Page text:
Tag Archives: Cassandra

CTFK threatens researchers, but you should not really care

by Carl V Phillips

My tobacco control amusement for the week (other than my nomination to TPSAC) comes from a letter sent from the notorious Campaign for Tobacco Free Kids (CTFK) and the obscure ENSP (which is apparently not actually a phishing site for people mistyping their sports news search, but rather a pliable recruit that gave CTFK an excuse to hassle Europeans too), to Christopher Russel and an unknown number of others. Christopher posted it here. The letter seeks to intimidate the recipients from attending the GTNF conference this month. Continue reading

NewZ ecig clinical study, an “I told you so”

by Carl V Phillips

Yesterday I explained why the new clinical trial out of New Zealand should not be touted as important news for e-cigarettes or THR in general.  In addition to the general message that clinical cessation trials are not the right way to study THR products and are just as likely to produce bad results as “good” ones, I pointed out a few particular issues.  First, it was damningly faint praise, claiming that e-cigarettes perform just barely better than nicotine patches, which grossly misrepresents everything we know about their effectiveness.  Additionally, with a plausible different level of luck (random sampling error) that study would have “shown” that e-cigarettes are less effective than patches.  Of course, such a result would have been no more informative about e-cigarettes than the “good” result was, but that is the point.

Sure enough, no sooner had I finished writing my analysis when anti-THR liar Stanton Glantz pretty much made my point for me.  In a post on his pseudo-blog (not really a blog because he censors any critical discussion) Glantz claimed that the study

found no difference in 6 month quit rates among the three groups.

And in a hilarious bit of “do as I say, not as I do”, opined,

Hopefully this study will get ecig promoters to stop claiming that ecigs are better than NRT for quitting.

Of course, the study showed that e-cigarettes did a bit better.  Glantz probably thinks this bald lie is justified by a common misinterpretation of statistics, wherein different numbers that are not statistically significantly different are incorrectly called “the same”.  Anyone with a 21st century understanding of epidemiology knows that this is not the right thing to say, but since Glantz’s paltry understanding of the science seems to be based on two classes he took three decades ago, perhaps this is simple innumeracy and not a lie.

Still, he has a point about the numbers not being very dramatic.  The real lie (and a case of innumeracy much worse than using incorrect terminology) is suggesting that this one little flawed artificial study somehow trumps the vast knowledge we have from better sources.  It is quite funny that he, who has made a career out of ignoring evidence, suggests that everyone else should pay attention to this “evidence” and change their behavior.  Not so funny is my role as Cassandra:  If we start touting misleading studies like this one as being great news when they happen to go our way, it is pretty much guaranteed to hurt us rather than help us.

(Glantz goes on to post some utter drivel about the nature of RCTs and what previous evidence shows about e-cigarettes, which I have debunked before and will not bother with here.  After a few decades, you learn to not try to fix every little flaw in a particularly slow student’s writings.)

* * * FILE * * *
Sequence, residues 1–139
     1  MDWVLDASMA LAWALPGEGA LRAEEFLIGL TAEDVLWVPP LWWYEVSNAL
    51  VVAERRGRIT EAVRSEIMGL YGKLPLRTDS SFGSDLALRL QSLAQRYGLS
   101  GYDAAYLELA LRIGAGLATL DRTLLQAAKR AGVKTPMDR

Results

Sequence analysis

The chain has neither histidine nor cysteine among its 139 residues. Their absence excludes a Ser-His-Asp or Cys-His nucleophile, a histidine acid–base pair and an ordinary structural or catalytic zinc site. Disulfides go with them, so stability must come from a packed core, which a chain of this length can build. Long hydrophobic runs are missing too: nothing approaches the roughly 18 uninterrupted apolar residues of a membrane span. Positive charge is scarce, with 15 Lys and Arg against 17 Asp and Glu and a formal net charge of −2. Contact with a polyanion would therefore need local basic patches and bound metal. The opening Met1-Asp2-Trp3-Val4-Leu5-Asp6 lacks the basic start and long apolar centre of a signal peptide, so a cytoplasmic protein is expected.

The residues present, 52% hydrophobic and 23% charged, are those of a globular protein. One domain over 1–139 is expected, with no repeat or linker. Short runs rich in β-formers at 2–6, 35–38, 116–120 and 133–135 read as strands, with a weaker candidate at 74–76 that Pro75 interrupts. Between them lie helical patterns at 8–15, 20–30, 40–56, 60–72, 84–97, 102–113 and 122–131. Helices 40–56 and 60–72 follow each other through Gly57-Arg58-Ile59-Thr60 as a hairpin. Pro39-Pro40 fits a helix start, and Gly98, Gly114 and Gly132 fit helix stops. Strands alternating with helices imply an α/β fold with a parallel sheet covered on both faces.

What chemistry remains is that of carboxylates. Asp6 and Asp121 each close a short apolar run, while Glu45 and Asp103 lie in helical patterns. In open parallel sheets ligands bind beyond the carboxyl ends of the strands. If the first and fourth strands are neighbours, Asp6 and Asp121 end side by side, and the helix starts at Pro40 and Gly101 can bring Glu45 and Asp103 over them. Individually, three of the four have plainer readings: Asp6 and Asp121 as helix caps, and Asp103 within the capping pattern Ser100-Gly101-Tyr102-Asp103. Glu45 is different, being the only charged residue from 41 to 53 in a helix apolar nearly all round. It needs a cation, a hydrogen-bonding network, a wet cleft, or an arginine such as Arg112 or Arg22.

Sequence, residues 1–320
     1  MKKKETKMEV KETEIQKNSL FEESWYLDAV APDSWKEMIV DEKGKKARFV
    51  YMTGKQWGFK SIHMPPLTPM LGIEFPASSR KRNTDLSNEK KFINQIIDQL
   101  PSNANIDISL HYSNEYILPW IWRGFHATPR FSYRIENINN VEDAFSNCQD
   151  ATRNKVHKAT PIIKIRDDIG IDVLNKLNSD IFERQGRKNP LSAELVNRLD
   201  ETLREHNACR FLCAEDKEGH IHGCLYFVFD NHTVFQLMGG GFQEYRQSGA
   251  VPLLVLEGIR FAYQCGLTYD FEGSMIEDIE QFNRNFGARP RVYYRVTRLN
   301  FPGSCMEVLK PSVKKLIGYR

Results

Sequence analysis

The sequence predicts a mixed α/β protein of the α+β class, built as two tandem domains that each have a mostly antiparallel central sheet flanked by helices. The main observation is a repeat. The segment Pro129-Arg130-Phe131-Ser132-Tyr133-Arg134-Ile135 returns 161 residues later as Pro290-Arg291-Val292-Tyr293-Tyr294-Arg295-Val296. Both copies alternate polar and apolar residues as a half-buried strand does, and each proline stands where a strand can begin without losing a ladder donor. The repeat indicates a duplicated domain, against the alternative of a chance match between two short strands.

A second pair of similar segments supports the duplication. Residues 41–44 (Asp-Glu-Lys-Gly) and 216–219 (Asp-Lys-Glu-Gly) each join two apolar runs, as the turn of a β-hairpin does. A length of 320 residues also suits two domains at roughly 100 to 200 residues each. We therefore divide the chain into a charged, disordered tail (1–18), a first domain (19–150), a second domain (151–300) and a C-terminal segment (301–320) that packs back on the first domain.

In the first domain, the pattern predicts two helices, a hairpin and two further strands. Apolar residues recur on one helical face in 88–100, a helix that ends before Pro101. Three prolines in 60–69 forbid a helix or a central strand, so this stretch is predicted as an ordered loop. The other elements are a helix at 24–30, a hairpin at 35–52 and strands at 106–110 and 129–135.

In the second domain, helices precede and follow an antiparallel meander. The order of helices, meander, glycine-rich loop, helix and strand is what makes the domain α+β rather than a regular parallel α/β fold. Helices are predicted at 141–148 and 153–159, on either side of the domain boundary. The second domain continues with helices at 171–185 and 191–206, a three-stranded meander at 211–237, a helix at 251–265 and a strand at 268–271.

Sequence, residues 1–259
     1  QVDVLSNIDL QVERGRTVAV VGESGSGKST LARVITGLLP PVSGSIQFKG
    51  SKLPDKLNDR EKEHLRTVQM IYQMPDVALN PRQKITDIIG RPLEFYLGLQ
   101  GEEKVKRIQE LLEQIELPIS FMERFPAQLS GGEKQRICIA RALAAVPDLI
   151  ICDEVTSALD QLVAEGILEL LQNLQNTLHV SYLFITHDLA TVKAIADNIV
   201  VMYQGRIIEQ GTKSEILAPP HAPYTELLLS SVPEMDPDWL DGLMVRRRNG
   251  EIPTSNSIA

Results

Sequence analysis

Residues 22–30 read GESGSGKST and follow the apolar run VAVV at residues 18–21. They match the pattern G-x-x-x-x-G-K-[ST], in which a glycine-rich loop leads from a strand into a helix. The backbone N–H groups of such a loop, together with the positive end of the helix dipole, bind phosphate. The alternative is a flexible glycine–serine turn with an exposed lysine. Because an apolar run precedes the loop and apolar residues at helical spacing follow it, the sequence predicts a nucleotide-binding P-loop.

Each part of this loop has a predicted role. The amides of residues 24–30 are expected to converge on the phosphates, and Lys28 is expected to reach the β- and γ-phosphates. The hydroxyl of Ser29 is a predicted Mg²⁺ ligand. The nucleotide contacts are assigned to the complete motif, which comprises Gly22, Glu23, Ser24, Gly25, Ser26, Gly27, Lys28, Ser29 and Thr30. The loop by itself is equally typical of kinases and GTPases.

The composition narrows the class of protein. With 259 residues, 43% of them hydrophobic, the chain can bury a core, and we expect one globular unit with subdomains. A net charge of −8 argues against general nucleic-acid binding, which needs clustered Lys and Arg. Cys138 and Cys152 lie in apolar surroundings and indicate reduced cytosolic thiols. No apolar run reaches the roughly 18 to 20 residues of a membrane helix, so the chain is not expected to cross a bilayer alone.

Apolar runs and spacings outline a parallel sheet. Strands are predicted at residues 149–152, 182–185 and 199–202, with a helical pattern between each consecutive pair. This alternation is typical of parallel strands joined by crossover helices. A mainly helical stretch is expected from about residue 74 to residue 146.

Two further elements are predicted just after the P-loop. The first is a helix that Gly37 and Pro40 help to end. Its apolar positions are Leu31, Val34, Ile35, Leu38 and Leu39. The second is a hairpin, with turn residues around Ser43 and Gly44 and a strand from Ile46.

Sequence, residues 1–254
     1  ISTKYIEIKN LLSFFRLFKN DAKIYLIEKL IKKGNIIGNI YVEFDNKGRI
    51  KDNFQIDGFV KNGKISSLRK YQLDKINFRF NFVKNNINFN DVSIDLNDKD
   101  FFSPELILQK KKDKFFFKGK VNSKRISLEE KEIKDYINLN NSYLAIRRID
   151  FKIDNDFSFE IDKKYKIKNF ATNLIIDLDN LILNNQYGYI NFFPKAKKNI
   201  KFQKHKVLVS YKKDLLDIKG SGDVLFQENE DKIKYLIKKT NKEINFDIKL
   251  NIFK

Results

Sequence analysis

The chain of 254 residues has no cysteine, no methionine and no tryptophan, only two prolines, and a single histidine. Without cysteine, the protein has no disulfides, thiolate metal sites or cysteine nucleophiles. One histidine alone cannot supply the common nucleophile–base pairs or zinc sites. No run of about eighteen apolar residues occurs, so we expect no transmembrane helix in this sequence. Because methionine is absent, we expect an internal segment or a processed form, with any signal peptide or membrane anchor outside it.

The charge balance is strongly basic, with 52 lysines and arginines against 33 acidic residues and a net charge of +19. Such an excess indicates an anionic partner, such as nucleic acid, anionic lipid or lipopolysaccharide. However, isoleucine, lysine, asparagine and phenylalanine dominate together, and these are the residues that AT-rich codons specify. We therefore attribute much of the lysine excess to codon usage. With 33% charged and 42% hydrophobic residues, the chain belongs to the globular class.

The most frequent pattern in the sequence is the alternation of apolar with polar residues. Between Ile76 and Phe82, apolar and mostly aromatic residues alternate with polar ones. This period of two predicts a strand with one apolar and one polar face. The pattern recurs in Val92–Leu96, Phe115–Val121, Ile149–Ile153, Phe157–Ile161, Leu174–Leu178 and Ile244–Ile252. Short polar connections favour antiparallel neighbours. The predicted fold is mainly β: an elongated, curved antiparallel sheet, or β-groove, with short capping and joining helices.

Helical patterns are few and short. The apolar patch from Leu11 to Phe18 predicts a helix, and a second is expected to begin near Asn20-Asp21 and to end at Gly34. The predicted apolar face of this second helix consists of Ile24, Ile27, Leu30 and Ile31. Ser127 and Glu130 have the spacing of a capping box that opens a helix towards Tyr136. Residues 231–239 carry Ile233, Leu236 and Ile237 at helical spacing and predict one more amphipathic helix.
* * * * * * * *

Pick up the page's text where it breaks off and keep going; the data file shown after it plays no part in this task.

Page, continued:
Of course, Glantz does not have the skills to figure out that this study is flawed.  But he might have had some hope had he actually read it.  Or the press release.  Or even one of the news stories.  Instead, it is appears that he just heard some garbled sentence or two about it and wrote his post based on that.  How can we know that?  Because when his post first appeared (screenshot below), it described the comparison as between nicotine gum and e-cigarettes, even though someone who actually spent three minutes studying the material would not have made that mistake.

1st try

Oops. That’s what happens when you don’t do the reading.

Notice that in both the headline and the first sentence he describes the study as using nicotine gum.  Oh, but wait, it gets better.  A few hours later, he changed the first sentence (see screenshot below).  Of course, being who he is, he did not include any sort of statement of correction as an honest researcher or reporter would.  (Quietly fixing a grammar typo or garbled sentence is no big deal — I do that — but when you actually told your readers something wrong and then you try to memory-hole that, rather than actually noting you are making a correction, it is yet another layer of lying.)

2nd try

And this is what happens when you don’t know how to operate your software.

Notice now the first sentence is changed but the headline is still the same.  Did he just not realize he needed to fix that too, or did he have no idea how to change a title on his blog and was desperately calling tech support to try to get them to help hide his error.  Apparently tech support came through, though, because the version you will see if you follow the above link has memory-holed the evidence suggesting he did not even read the study (though you will notice that the link I gave still has “gum” in the URL, but now redirects to the new page where the URL has “patch” in it).

So that is all quite hilarious.  But don’t let it distract you from the main message.  We need to focus on the real sources of knowledge about THR and not buy into a research paradigm that is — often literally — designed to hide THR’s clear successes and benefits.  When e-cigarette advocates embrace studies with bad methods and misleading results (even if they seem to be “good” results), rather than objecting to the bad approach, it hurts the cause.  In this case, even the “good” study can be spun against the truth about THR.